Aims: Periodontal treatment reduces glycated hemoglobin (HbA1) in subjects with type 2 diabetes, although effective strategy for different severities of periodontitis remains unclear. We hypothesized that resolution of periodontitis-induced inflammation by the therapy combined with antibiotics may have beneficial effects on the glycemic control of diabetes. Methods: A total of 523 subjects with type 2 diabetes were screened for periodontal disease. Of these, 160 subjects who visited dentists were divided into two groups according to high-sensitivity c-reactive protein (hsCRP) level: >500. ng/ml and <500. ng/ml. The group with hsCRP over 500. ng/ml was further sub-divided into two groups according to treatment strategy: topical application of antibiotics combined with conventional mechanical debridement (group A), and debridement alone (B). Subjects with hsCRP below 500. ng/ml were sub-divided similarly (C: combination therapy; D: debridement alone). hsCRP was measured after 1 month and changes of HbA1c after 3 months. These parameters were also measured in control subjects (N= 118) who did not visit dentists (E: initial hsCRP > 500. ng/ml; F: hsCRP < 500. ng/ml). Results: A multiple comparison by ANOVA revealed that only group A showed a significant reduction in HbA1c over time (P< 0.001). Multivariable analyses revealed elevated hsCRP and the combination treatment with antibiotics were two independent variables influencing the decrease of HbA1c over the study (P< 0.01 and P< 0.001, respectively). Conclusions: In subjects with type 2 diabetes and periodontitis-induced mild inflammation (hsCRP. > 500. ng/ml), treatment to reduce hsCRP using antibiotics is recommended.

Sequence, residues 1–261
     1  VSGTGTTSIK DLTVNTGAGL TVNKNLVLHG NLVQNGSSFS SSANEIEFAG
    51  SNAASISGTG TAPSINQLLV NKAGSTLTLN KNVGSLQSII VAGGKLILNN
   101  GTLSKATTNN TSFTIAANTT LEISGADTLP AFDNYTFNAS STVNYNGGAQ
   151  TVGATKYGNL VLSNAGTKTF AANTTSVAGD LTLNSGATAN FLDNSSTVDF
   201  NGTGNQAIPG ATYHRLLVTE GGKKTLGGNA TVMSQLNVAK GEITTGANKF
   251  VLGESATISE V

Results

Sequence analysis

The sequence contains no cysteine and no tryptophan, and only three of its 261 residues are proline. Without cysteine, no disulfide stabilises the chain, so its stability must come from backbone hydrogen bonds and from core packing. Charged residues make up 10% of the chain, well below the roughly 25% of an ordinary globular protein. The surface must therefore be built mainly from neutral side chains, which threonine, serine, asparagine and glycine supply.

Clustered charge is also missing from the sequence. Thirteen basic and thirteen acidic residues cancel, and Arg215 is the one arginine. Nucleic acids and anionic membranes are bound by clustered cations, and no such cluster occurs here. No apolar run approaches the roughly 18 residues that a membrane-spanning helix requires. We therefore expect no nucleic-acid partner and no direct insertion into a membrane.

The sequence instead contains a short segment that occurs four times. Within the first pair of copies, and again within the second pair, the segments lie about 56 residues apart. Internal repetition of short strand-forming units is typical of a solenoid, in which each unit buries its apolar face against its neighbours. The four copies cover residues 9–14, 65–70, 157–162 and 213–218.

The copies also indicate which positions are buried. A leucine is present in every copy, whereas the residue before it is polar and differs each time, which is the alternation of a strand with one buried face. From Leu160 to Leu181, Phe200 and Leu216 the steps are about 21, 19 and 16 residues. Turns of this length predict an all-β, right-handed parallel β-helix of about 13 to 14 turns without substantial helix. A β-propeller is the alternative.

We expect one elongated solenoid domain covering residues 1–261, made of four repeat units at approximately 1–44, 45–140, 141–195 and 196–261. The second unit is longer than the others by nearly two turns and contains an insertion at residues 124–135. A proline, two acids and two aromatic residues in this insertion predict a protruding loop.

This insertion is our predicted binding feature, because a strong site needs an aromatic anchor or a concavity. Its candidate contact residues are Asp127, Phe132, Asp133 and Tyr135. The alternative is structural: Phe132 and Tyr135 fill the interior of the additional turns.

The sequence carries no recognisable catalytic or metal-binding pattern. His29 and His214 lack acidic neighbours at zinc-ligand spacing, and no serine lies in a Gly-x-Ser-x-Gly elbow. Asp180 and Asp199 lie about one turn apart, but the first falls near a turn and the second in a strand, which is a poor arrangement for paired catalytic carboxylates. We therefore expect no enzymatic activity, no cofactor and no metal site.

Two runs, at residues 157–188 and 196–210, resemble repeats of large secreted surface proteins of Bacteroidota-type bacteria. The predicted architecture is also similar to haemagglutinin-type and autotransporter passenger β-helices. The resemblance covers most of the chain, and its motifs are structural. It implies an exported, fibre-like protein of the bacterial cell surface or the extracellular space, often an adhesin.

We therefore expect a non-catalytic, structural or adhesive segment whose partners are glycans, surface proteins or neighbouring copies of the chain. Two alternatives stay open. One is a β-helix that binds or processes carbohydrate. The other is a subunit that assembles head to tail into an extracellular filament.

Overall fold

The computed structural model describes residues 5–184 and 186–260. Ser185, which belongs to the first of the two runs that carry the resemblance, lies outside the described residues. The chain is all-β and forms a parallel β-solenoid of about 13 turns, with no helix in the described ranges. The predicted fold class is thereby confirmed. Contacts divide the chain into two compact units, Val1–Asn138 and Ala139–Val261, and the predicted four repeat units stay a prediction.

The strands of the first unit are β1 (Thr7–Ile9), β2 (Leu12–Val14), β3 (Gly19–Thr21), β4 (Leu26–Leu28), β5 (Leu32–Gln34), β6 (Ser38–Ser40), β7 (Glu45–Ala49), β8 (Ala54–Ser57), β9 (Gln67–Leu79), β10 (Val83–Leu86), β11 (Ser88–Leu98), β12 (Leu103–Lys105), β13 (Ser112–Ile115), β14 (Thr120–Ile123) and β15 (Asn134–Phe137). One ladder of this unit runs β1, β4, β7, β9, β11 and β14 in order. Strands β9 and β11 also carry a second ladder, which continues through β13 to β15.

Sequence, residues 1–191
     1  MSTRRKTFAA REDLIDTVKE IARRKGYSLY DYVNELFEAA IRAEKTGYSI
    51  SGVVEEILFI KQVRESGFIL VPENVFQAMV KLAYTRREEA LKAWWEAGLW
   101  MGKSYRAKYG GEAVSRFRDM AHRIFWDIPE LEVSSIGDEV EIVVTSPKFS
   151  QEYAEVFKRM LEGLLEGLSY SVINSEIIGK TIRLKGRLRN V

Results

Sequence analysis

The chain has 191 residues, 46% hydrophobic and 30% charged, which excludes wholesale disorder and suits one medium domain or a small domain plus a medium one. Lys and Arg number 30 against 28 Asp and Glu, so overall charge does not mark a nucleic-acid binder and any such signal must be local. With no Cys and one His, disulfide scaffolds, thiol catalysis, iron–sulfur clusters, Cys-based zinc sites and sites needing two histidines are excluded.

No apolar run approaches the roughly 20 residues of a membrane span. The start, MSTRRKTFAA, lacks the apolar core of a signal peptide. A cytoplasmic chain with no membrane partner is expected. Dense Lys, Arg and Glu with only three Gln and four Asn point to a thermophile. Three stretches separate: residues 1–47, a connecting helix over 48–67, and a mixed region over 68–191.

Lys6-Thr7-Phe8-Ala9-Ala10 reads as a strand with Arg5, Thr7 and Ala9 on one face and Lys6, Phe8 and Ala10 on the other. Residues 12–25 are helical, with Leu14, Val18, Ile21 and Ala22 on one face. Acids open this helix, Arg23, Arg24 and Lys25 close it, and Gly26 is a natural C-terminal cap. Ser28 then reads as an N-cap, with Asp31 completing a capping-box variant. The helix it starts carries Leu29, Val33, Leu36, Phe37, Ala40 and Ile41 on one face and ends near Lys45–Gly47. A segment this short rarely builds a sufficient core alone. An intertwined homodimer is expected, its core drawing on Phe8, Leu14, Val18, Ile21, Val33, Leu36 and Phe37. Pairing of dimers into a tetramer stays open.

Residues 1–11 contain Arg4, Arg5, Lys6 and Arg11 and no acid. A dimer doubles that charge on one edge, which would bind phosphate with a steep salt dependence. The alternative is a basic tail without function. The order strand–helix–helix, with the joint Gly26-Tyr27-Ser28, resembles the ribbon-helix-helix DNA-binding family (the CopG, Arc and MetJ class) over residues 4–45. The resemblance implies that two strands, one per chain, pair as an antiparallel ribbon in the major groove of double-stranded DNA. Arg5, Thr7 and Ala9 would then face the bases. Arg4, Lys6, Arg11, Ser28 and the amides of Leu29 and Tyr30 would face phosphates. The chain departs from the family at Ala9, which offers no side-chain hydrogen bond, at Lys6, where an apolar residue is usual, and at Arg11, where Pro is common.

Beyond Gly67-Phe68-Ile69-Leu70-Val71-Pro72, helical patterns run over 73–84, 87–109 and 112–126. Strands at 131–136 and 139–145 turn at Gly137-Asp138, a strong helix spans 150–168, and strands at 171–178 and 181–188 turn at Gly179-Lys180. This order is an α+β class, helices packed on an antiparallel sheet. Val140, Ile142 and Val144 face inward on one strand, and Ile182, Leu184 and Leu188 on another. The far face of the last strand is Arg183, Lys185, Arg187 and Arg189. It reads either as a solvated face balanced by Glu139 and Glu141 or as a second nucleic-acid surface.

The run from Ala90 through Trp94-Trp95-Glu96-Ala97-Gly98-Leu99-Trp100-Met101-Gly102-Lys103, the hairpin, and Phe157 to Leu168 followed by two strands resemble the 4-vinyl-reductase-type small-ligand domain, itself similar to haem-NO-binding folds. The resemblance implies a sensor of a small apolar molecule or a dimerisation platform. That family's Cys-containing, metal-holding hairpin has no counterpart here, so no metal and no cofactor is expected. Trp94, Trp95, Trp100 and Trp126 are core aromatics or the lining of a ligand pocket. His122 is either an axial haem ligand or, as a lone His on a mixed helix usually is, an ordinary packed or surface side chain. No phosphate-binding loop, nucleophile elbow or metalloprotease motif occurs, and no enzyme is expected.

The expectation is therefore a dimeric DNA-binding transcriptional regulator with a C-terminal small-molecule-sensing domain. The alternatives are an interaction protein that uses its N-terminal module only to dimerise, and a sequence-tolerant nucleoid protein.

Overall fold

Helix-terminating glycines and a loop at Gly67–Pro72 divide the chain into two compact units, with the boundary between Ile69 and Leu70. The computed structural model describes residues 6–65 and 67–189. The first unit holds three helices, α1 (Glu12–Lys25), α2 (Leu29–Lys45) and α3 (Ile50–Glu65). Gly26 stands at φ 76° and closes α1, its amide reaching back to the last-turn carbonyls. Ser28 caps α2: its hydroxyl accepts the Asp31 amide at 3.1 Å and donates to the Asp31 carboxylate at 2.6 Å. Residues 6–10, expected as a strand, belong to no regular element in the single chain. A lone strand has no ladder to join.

All Science Journal Classification (ASJC) codes
- Internal Medicine
- Endocrinology, Diabetes and Metabolism